Book Review: Bradstreet Gate

Bradstreet GateThe Booklover’s Rating:  ♥ ♥ ♥ ♥

Bradstreet Gate is a Harvard Yard gate that commemorates the puritan poet Anne Bradstreet and the 25th anniversary of women living in the Yard.  It is also the site of the murder of Julie Patel, a young woman on the eve of her graduation from the illustrious Ivy League school and a subsequent memorial to the young woman.

Kirman’s novel begins ten years after the murder, when a young reporter, Nat Krauss, contacts Georgia Reese (née Calvin) regarding her recollection of events surrounding the murder.  It is through this beginning that Kirman takes us back to 1997 and Reese’s interrogation by police.  From there we are introduced to the other players in the drama: Charles Flournoy, a young man from a blue-collar family who worked hard to get to Harvard; Alice Kovac, a Serbian immigrant who despises her family; and Professor Rufus Storrow, Jr., who teaches a controversial course on ‘Law and the Colonial State.’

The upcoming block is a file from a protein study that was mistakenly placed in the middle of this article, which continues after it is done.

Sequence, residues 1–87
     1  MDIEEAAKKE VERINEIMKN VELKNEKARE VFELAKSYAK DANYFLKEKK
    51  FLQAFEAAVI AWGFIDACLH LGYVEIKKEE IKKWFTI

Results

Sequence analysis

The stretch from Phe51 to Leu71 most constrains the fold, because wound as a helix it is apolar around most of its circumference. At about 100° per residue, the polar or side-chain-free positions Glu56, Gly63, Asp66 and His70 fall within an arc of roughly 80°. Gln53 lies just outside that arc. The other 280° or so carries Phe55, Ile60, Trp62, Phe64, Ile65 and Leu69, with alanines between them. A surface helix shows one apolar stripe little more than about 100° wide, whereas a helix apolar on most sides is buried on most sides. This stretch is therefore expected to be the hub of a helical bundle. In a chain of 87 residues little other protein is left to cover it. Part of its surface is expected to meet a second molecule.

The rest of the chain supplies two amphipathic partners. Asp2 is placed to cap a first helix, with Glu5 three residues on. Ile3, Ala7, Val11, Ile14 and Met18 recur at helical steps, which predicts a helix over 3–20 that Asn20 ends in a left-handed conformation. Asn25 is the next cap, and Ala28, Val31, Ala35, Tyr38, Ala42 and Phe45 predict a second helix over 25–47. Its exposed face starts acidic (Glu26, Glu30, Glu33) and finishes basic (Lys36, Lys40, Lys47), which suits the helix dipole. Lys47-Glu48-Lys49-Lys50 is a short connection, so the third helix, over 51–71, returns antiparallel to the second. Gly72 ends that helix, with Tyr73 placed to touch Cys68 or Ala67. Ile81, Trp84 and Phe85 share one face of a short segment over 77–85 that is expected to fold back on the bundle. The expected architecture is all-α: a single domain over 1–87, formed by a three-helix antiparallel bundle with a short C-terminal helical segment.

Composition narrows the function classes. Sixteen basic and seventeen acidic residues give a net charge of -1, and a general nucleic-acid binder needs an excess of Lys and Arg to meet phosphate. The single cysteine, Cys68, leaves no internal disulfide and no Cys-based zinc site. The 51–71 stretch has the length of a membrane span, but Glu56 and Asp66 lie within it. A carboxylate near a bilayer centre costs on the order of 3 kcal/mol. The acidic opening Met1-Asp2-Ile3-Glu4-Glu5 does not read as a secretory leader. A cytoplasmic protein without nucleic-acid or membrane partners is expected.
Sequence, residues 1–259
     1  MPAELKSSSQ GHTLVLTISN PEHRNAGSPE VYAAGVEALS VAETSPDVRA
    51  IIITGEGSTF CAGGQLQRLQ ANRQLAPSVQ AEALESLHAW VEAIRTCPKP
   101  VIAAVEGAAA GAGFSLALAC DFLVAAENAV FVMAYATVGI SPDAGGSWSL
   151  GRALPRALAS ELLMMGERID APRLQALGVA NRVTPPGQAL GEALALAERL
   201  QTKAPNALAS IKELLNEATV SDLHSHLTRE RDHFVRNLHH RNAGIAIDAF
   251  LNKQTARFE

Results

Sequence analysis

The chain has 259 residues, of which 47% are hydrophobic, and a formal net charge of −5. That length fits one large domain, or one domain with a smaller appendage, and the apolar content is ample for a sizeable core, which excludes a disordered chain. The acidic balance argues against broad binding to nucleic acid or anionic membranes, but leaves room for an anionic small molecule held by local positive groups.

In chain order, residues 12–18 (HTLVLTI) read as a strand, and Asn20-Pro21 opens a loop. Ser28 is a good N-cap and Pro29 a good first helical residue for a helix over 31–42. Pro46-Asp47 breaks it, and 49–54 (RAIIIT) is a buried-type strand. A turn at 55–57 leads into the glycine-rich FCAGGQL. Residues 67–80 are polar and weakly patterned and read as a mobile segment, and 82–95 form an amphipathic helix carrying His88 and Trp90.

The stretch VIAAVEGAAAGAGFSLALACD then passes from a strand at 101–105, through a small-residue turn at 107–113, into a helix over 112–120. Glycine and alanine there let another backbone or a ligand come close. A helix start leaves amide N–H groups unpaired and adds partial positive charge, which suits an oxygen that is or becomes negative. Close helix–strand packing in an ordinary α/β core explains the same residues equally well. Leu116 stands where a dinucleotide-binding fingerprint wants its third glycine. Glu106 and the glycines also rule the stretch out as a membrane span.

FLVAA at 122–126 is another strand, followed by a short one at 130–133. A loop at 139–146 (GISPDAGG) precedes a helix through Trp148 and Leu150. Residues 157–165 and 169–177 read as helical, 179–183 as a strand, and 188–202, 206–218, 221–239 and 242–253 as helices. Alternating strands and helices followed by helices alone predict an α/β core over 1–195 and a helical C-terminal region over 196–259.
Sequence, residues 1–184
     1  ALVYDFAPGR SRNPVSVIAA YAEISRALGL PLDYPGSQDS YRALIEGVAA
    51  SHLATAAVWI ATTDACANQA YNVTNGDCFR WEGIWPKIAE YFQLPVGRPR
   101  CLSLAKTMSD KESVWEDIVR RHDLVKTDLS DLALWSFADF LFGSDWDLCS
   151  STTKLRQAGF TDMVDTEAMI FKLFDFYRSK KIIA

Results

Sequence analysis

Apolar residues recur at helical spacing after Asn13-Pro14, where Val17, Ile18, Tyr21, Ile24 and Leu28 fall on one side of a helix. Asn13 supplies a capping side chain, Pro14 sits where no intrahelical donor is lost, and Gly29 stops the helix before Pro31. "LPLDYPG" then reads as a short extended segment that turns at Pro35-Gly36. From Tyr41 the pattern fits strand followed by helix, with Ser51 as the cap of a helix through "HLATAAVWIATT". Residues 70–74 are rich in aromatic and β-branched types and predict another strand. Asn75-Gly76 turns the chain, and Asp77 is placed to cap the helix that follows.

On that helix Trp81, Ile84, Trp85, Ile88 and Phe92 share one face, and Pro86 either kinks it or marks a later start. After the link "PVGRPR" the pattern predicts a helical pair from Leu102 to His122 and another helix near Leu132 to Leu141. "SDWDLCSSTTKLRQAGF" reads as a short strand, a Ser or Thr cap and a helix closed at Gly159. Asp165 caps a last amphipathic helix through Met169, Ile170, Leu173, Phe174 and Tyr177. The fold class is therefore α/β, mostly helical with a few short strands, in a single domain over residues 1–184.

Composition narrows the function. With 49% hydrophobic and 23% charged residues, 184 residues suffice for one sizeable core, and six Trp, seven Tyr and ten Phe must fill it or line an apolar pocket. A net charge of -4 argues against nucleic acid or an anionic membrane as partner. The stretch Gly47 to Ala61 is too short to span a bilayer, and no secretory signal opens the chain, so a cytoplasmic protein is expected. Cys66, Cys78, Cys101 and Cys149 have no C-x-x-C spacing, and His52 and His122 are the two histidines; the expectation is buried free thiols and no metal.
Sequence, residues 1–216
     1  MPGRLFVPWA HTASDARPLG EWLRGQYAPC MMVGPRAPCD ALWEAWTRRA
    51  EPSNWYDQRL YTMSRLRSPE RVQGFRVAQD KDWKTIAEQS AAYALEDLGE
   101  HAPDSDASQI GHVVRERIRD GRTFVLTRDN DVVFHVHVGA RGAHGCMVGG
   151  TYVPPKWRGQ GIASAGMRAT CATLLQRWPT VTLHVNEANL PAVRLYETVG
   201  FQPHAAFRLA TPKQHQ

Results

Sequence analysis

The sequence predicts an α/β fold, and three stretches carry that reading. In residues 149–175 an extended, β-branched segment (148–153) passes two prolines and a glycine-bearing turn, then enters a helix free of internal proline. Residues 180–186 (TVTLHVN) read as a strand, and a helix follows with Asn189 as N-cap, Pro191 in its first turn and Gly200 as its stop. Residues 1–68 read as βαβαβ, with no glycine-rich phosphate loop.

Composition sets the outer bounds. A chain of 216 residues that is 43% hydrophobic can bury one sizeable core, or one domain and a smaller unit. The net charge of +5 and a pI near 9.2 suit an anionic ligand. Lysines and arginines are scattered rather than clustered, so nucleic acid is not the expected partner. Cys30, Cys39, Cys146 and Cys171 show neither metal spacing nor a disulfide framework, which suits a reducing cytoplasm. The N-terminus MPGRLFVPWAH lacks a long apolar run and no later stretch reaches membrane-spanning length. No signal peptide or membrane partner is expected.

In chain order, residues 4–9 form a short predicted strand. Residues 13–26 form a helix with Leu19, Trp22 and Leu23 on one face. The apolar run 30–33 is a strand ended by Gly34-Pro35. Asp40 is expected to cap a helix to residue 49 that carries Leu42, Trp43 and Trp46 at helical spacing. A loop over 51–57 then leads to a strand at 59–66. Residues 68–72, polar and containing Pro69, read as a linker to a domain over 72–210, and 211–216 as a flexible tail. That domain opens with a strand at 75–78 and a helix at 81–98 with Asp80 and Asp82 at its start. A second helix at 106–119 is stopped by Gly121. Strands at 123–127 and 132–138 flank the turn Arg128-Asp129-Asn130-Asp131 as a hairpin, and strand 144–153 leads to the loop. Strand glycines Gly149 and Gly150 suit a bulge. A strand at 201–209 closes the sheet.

The novel moves quickly and is a fast-paced and easy read.  At 320 pages, it just plotted intricately enough to keep you engaged and waiting to see what happens next.  These are certainly assets enough to recommend Bradstreet Gate.  The ending though may leave you wanting and that is the drawback.

Book Details:  Published by Crown (July 7, 2015), 320 Pages, ISBN:  978-0804139311.

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